Experiment 1. Blue Jets!  Combustion of CO(g) with a Blue Flame.
    • Candle (such as a birthday candle supported by a one-holed rubber stopper)
    • 15 cm piece of latex tubing
    • glass disposable pipet
    • pickle jar
    • CO(g), 60-mL, several syringefuls
         A burning candle produces a flame that has a region of blue near its base.  This is the color produced when CO burns.  In this experiment we will burn samples of pure CO and observe this blue flame.
         Fit a 15 cm piece of latex tubing into a pipet as shown in Figure 3. It should make a snug fit.  Generate a syringeful of CO(g) as described above.  Replace the syringe cap with the latex tube/glass pipet.

    Figure 3.

    In Part B, below, CO(g) burns from a pipet tip with a blue color.  (5-second time exposure taken in dark)

    Part A. While holding the end of the pipet 2 - 3 cm from a candle flame, discharge 30 mL CO over a period of 10 seconds through the flame.  A jet of blue fire should appear on the opposite side of the candle.

    Part B. While holding the end of the pipet <1 cm from the flame, slowly discharge CO(g) near the flame in order to ignite the pipet tip.  It will burn with a gentle blue flame which can be sustained by carefully discharging the CO at a slow rate.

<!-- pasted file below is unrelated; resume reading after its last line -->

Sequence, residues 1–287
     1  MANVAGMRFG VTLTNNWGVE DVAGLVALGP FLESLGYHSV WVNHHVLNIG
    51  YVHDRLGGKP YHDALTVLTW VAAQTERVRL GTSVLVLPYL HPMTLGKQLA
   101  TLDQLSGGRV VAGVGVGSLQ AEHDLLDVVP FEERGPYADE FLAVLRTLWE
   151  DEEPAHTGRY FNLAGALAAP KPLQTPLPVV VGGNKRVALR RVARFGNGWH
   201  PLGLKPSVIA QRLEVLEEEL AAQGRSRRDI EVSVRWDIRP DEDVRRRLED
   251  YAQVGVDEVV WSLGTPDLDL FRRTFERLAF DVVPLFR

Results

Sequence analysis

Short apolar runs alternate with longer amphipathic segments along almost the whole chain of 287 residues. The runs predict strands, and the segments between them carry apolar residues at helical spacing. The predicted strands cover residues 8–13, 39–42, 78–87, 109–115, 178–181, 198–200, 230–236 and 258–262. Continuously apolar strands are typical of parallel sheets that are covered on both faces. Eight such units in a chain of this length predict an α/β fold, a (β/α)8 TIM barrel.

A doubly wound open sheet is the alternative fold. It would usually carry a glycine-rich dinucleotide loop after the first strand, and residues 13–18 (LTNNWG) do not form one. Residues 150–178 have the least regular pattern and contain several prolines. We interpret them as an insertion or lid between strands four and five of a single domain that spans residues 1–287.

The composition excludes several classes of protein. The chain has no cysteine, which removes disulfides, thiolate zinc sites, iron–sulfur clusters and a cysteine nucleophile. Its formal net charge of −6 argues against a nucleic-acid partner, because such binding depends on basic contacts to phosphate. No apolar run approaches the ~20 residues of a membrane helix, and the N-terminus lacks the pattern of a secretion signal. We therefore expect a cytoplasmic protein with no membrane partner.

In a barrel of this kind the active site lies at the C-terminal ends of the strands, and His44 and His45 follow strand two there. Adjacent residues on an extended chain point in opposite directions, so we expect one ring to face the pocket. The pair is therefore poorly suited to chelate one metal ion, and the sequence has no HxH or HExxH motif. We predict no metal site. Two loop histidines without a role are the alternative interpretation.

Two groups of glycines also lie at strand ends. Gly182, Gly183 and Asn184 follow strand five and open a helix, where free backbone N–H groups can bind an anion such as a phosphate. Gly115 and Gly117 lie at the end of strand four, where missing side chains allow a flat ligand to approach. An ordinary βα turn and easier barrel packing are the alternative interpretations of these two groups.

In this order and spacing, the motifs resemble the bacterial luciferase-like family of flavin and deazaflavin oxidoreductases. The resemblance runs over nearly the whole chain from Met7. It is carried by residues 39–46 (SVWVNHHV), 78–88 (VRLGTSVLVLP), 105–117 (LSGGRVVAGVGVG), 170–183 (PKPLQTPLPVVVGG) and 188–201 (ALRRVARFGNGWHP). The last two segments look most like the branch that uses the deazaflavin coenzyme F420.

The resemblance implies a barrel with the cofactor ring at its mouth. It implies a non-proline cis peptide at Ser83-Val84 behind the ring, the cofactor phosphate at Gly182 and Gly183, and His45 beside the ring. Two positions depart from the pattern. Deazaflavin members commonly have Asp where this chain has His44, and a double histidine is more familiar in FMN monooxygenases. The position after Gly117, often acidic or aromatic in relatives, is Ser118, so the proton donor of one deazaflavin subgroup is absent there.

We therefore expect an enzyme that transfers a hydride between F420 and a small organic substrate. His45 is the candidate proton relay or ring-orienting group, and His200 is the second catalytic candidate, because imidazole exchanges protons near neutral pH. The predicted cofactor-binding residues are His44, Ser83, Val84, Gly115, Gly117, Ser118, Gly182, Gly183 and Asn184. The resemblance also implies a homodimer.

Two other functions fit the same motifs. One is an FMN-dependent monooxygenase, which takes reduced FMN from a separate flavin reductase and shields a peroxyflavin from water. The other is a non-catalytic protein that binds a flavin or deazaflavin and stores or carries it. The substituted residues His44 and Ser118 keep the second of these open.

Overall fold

Part C. Place a candle in a large (> 1 L) vessel that can be sealed such as a pickle jar or a desiccator.  Light the candle and cover the vessel, creating a closed system.  Darken the room.  The candle flame will diminish in size and lose it's characteristic yellow color as the O2(g) is depleted.  As the flame becomes smaller, note the increased size of the blue region especially near the lower part of the flame.  The blue color is attributed to the combustion of CO(g) which replaces CO2 as the dominant product of combustion and is itself combustible.

    Experiment 2. Wimpy Soap Bubble Explosions and Wimpy Rockets.

    Chemicals:     Generate a syringe filled with O2(g).  Generate a syringe of CO(g).  Transfer CO(g) and O2(g) to a clean, dry third syringe with the aid of a latex tube.  A 2:1 volume ratio of CO(g) and O2(g) gives the best results because it follows the stoichiometry for the reaction:

    CO(g) + 1/2 O2(g)  CO2(g) DH = -283.0 kJ